Isometric vs Top Down

Having played around with the graphic styles, and had a disappointingly low number of responses from the community, I’ve decided on the style I’m going to use.  I’m going to use the top down view, and I figured I’d share my thoughts and reasons for this decision.


Although technically more impressive than the top down view, it requires edge clipping to make it look halfway decent unless you go for the diamond view which in itself needs to be incorporated into the centre of a layout to stop wasting screen real estate.

With a scrolling map that is bound to have large structures such as buildings, and given that I can’t draw ‘off screen’ to automatically clip to a viewport, I would have to cut up each large graphic into isometric building blocks, including drawing the cross section of the building unless I was to resort to paper thin walls between tiles.

I could have drawn the whole thing with PHP into a single graphic and sent that down to the browser, but that is very wasteful of both server processing and bandwidth to send such a large and unique graphic each page refresh.

I had also considered using Flash to create the image as that would also solve the clipping issue, but that would be giving temptation to create a fully animated interface which would not only move the goalposts of the project further away, but also move away from the overall aim of the site.

Top Down

There is a good reason why this view is favoured by many web based games, and it isn’t just because of its simplicity compared to isometric.

It’s because it just ‘fits’.  The graphics are easily split into rectangles, and tile together smoothly.  Having a rectangular display also allows for an interface to be easily built around it with no risk of overhangs on the left or right edges.  The top overhang is also predictable and can be allowed for in the view.

Large structures are easily done by cutting the image up into tile sized chunks and drawing them as appropriate, the only concern being the drawing of a tall object or character that is just off the bottom of the display but the top of which would be visible.  Although this issue also exists with the isometric view of course.

Posted by: Xalthorn | September 28, 2007

Creating Isometric Tiles from Square Tiles

Whilst I was doing some graphic tests for one of my game projects, I wanted to test the feasibility of either an Isometric or angled top down view (Zelda like).

Because I just needed some placeholder graphics, I found the following graphic set extremely useful for prototyping the angled top down view:

This meant that the angled view looked gorgeous, but my isometric view, with way too vibrant colours, made the aesthetic comparison difficult as I found myself looking at the quality of the image rather than the general view type.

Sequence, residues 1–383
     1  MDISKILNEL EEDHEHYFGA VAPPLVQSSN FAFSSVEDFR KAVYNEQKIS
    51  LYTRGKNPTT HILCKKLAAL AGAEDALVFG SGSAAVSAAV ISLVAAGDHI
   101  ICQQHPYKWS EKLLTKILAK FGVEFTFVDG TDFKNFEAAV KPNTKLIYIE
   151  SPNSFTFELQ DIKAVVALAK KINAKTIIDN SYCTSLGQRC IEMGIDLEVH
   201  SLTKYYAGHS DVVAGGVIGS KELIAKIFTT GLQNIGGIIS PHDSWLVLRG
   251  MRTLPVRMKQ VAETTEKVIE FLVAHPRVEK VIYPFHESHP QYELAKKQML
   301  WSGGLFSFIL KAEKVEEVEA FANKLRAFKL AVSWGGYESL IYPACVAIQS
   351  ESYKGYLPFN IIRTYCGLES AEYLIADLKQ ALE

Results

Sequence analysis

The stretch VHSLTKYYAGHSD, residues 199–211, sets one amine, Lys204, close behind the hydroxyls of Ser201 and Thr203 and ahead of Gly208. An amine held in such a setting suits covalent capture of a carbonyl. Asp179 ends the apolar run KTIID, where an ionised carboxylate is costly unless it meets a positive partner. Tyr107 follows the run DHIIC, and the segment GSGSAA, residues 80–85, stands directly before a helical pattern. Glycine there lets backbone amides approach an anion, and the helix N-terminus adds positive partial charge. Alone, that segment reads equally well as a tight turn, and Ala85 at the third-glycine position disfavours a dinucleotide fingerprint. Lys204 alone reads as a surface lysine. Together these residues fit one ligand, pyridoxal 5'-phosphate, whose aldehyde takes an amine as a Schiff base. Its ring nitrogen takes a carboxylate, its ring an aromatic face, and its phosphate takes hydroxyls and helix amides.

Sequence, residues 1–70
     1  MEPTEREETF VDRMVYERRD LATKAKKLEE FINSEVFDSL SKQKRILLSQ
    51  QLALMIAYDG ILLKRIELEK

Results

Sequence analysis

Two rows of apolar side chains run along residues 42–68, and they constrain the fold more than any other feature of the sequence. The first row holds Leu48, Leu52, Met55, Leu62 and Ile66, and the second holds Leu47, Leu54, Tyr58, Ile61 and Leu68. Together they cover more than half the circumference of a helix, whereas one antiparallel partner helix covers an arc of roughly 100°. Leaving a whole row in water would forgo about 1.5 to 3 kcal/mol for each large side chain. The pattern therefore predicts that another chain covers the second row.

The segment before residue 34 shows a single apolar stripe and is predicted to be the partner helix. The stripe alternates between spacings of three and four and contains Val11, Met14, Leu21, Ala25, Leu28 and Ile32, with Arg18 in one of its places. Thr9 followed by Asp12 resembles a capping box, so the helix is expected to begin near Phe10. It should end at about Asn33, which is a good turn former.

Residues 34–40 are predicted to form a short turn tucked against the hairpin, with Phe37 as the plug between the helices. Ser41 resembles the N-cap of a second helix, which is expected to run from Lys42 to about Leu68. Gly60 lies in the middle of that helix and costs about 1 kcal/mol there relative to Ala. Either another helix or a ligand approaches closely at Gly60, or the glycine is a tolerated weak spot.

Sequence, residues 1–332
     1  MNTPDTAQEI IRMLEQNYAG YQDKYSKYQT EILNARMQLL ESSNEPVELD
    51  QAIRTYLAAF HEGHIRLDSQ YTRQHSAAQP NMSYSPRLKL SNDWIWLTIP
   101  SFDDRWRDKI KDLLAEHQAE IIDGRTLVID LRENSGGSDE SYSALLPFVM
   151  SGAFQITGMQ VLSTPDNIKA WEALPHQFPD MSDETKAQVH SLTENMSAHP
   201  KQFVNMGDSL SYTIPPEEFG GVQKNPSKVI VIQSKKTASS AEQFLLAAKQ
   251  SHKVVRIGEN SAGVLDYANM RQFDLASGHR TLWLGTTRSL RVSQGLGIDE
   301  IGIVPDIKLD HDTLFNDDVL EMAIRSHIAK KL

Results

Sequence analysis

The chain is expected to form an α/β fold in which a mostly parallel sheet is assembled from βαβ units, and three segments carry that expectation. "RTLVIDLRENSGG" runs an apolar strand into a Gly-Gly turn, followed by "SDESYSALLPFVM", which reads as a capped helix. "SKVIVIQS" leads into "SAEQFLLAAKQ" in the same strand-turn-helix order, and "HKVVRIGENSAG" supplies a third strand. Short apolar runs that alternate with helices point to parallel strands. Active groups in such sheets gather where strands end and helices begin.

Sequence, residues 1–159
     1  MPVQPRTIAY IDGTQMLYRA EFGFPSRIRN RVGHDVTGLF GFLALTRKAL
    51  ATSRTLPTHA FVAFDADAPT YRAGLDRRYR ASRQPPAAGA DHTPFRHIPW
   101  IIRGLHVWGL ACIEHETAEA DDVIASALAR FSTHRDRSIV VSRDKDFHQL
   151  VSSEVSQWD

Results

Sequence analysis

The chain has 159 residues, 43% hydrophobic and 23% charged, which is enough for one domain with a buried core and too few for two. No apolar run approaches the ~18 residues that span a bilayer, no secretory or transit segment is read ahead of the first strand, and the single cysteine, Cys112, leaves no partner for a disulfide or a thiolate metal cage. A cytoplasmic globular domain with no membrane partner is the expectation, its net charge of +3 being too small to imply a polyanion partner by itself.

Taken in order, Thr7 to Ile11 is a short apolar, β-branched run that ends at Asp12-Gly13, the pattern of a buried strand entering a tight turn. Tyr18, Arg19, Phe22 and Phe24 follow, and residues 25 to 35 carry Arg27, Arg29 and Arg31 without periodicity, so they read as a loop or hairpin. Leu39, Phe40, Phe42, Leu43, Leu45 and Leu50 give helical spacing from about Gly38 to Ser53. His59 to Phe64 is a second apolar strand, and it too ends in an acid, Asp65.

So I decided that it would make sense to used the same graphics for both versions, which meant I would need to turn the angled view graphics, which were square, into an isometric version.

I tried the obvious method of rotating the image 45 degrees and then halving the height, finally scaling the image to the size of my original isometric images.

Photoshop did the job wonderfully, except it anti aliased the image when it was rotated, and even though I tried manually scaling it, there was a horrible white edge around the tiles.

I tried an alternative method of having a new layer on top of my image, filling it with black, and then rotating and scaling that (meaning there was no anti-aliasing of the layer underneath), removing the black layer once it was done, but I still had issues with getting it to fit properly.

The final solution I found that worked nicely is detailed below. My original square tiles were 100 x 100, and my target isometric tile is 101 x 51 (a tile fitting on a 100 x 50 grid with an overhang to clean up the edges).

I started by opening my 101 x 51 tile gif (with transparency), changing the Image->Mode to RGB colour so I could do some processing on it.

I then used CTRL+Click on the thumbnail in the layers window to select everything that wasn’t transparent.

With that prepared, I could open up my 100 x 100 tile jpg, do Image->Rotate Canvas->Arbitrary with an angle of 45 degrees clockwise. This gave me a diamond version of the tile.

I then did Image->Image Size, and changed it to 104 x 52 (remembering to uncheck the Constrain Proportions). This gave me my Isometric version of the tile.

I then selected everything (CTRL+A), copied it (CTRL+C) and then switched back to my original isometric image.

A quick Edit->Paste Into, and I had my final tile, ready for saving to the web as a GIF image.

Posted by: Xalthorn | September 26, 2007

Mondestia Isometric tests

After spending a great deal of time messing around with ideas of how to make an Isometric display work in a web interface I think I’ve found a solution that I’m happy with in concept.  I still need to tidy it up a lot and stop wasting so much screen real estate, but it works.  The tests can be seen on the mondestia site (  They may take a while to load and draw as they are being fully created on the server with no local javascript.  Once the final decision has been made, I’ll work on optimising everything, but at the moment, being able to quickly write and test code is more important.